University of Minnesota Extension
http://www.extension.umn.edu/
612-624-1222
Menu Menu

Extension > Minnesota Crop News > Archives > April 2003 Archives

April 2003 Archives

Corn population

| Leave a comment

D.R. Hicks
Extension Agronomist

Optimum Corn Population
Corn population should be between 29,000 and 31,000 plants per acre at harvest to produce the maximum grain yield. Grain yield is lower for populations below this. Table 1 gives the relationship between yield and harvest plant population. To achieve this harvest population, I suggest increasing the seeding rate by 15% when corn is planted prior to May 1 and 10% when corn is planted after May 1. Soil temperatures are lower in late April and there is a greater risk that some kernels nay not successfully germinate and emerge so one should increase the seeding rate to obtain the desired final stand to produce the maximum grain yield.

Table 1. Relationship between harvest population and corn grain yield.



































Plants/Acre % Yield
30000 100
28000 98
26000 94
24000 92
22000 88
20000 84
18000 79

Economic Optimum Plant Population
Seed costs have continued to increase especially with technology fees and one might ask if this recommended population is economically sound. That is, will the increase in yield pay the extra seed cost to achieve a final stand of 30,000 plants per acre (ppa). The increase in yield with each increase in plant population becomes smaller as the optimum population of 30,000 ppa is reached (Table 1). So if the 2% yield increase for 28,000 versus 30,000 ppa pays for the extra seed cost, then the higher population is an economically sound investment. Yield level, seed corn price and grain selling price are factors in the economic analysis. Table 2 gives the extra return in dollars per acre for the 2% extra yield increase for a stand of 30,000 versus 28,000 ppa for various yield levels and seed corn prices.

At 100 bushels per acre one can pay up to $130 per bag of seed and have a slight return for the higher plant population with a grain selling price of $2 per bushel (Table 2). At 120 and higher yield levels, there is a positive return for the higher plant population for seed costs of as high as $150 per bag. Table 2 shows the obvious - the economics of high plant populations (one makes more money) are better at low seed prices and high yields at any grain selling price.

The value of the extra yield is greater than the extra seeding cost for increasing the plant population up to 30,000 ppa at grain prices of $2/bu and higher. Therefore, one doesn't need to evaluate the economics of plant population changes below the 28,000 level because the increases in yield for incremental population changes below 28,000 ppa are greater than the 2% we just evaluated for various seed corn prices and yield levels.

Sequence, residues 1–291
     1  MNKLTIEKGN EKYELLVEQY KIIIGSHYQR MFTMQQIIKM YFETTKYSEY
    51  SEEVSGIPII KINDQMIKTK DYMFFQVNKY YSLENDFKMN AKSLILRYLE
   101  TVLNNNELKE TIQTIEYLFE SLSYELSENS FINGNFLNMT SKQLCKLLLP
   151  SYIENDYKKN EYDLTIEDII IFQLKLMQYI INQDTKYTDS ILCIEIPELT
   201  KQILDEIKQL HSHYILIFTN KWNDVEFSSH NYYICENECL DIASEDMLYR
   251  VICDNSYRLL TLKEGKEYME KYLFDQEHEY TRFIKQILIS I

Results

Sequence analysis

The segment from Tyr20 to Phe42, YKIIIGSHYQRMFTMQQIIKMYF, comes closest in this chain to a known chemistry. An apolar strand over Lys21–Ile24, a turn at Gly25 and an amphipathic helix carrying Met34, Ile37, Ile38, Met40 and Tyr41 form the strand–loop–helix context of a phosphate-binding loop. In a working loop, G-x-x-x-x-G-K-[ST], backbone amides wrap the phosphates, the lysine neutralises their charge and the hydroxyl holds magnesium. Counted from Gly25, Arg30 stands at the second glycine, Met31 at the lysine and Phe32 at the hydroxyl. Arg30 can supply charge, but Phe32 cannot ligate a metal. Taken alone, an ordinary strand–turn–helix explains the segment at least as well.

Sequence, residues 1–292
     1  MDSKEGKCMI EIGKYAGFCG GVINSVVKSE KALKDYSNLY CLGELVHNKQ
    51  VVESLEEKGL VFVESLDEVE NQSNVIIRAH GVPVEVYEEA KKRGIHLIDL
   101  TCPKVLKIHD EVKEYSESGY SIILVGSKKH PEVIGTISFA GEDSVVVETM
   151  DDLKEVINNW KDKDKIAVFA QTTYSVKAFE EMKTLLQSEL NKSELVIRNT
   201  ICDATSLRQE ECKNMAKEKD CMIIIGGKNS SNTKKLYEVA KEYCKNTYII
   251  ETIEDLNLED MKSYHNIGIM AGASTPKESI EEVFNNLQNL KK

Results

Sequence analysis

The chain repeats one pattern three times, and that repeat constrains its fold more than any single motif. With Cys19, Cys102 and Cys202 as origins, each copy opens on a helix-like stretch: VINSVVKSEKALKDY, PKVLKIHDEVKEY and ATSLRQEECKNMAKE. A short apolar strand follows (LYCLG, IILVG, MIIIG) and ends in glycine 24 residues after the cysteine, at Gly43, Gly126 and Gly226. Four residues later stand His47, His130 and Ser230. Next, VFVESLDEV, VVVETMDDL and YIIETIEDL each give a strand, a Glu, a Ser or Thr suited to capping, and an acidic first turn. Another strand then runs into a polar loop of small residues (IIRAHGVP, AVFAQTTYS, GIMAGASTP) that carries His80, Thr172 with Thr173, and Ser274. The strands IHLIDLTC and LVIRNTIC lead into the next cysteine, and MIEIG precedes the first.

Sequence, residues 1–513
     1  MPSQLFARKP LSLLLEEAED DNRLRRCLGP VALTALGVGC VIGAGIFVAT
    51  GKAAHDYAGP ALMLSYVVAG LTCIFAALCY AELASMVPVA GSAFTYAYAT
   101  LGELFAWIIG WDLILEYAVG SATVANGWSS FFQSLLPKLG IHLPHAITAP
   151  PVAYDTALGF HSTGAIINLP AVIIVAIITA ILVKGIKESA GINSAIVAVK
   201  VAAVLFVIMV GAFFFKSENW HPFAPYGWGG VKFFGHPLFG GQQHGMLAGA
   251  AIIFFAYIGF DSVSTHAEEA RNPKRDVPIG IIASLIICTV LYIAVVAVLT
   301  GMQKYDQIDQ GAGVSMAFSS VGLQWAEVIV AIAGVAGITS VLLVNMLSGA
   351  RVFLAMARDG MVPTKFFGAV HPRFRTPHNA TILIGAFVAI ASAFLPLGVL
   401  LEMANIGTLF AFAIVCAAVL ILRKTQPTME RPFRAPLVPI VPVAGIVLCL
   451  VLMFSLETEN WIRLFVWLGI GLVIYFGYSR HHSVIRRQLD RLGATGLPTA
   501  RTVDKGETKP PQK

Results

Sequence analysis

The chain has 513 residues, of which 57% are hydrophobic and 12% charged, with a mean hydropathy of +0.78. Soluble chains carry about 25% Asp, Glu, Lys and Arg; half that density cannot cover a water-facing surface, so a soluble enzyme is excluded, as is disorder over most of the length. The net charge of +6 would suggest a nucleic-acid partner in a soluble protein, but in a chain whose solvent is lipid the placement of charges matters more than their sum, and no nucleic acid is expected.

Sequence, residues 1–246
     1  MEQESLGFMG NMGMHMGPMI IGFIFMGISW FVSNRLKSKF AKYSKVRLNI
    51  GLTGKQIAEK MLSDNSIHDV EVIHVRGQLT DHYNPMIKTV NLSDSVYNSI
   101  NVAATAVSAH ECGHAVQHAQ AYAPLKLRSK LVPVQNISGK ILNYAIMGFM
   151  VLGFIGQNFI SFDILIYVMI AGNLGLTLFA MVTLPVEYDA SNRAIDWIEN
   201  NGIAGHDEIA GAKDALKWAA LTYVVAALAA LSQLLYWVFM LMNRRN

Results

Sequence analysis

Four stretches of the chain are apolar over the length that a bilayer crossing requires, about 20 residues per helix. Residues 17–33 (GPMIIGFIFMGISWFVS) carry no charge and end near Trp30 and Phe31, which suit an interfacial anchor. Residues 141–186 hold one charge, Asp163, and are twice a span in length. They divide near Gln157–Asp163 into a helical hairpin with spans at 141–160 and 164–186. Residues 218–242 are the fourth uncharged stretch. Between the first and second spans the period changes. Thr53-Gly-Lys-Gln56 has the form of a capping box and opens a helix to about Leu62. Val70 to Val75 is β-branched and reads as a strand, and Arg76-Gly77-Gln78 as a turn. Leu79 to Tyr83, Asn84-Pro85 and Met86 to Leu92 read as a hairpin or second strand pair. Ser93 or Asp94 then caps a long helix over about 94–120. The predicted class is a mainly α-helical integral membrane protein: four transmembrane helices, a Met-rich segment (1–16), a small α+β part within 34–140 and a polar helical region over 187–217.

The economics of higher plant populations are even better at any yield level and seed corn price as the grain-selling price goes up. Returns are given in Table 3 for yield levels and seed prices for a grain-selling price of $2.50 per bushel.

Summary
While one should strive to minimize seeding cost, there are other more important factors to consider when buying seed corn. They include yield potential, maturity, moisture at harvest, resistance to diseases, insects, and herbicides, stalk quality, and other plant traits. Seed cost should be the last consideration after hybrids are chosen based on these performance characteristics.

Table 2. Returns ($/A) for the 2% Higher Yield For 30,000 Compared With 28,000 Plants Per Acre For Various Seed Corn Prices and Grain Yield Levels and Grain Selling Price of $2 Per Bushel.



































































           

              Grain
Yield(Bu/A)

Seed Price ($/Bag)

100

120

140

160

-----------------($/A)---------------------

100

$1.13

$1.93

$2.73

$3.53

110

$0.84

$1.64

$2.44

$3.24

120

$0.55

$1.35

$2.15

$2.95

130

$0.26

$1.06

$1.86

$2.66

140

-$0.03

$0.77

$1.58

$2.38

150

-$0.31

$0.49

$1.29

$2.09


Table 3. Returns ($/A) for the 2% Higher Yield For 30,000 Compared With 28,000 Plants Per Acre For Various Seed Corn Prices and Grain Yield Levels and Grain Selling Price of $2.50 Per Bushel.





























































            

               Grain
Yield(Bu/A)

Seed Price ($/Bag)

100

120

140

160

------------------($/A)-------------------

100

$2.13

$3.13

$4.13

$5.13

110

$1.84

$2.84

$3.84

$4.84

120

$1.55

$2.55

$3.55

$4.55

130

$1.26

$2.26

$3.26

$4.26

140

$0.98

$1.98

$2.98

$3.98

150

$0.69

$1.69

$2.69

$3.69

 





It's corn planting time

| Leave a comment

D.R. Hicks,
Extension Agronomist
Remember last year? 22% of Minnesota's corn acres were planted in mid April. The seedbed was ideal and the soil temperature was above normal for mid April. But, it turned cold and stayed that way for 30 days. As a result seed laid in the ground for 30 to 40 days. The end result was uneven emerging plants and stands that were substantially lower than the desired plant populations. In addition, stands were not uniform in plant spacing. Yet - we had a record state average corn yield in Minnesota of 156 bushels per acre!

  • © 2014 Regents of the University of Minnesota. All rights reserved.
  • The University of Minnesota is an equal opportunity educator and employer. Privacy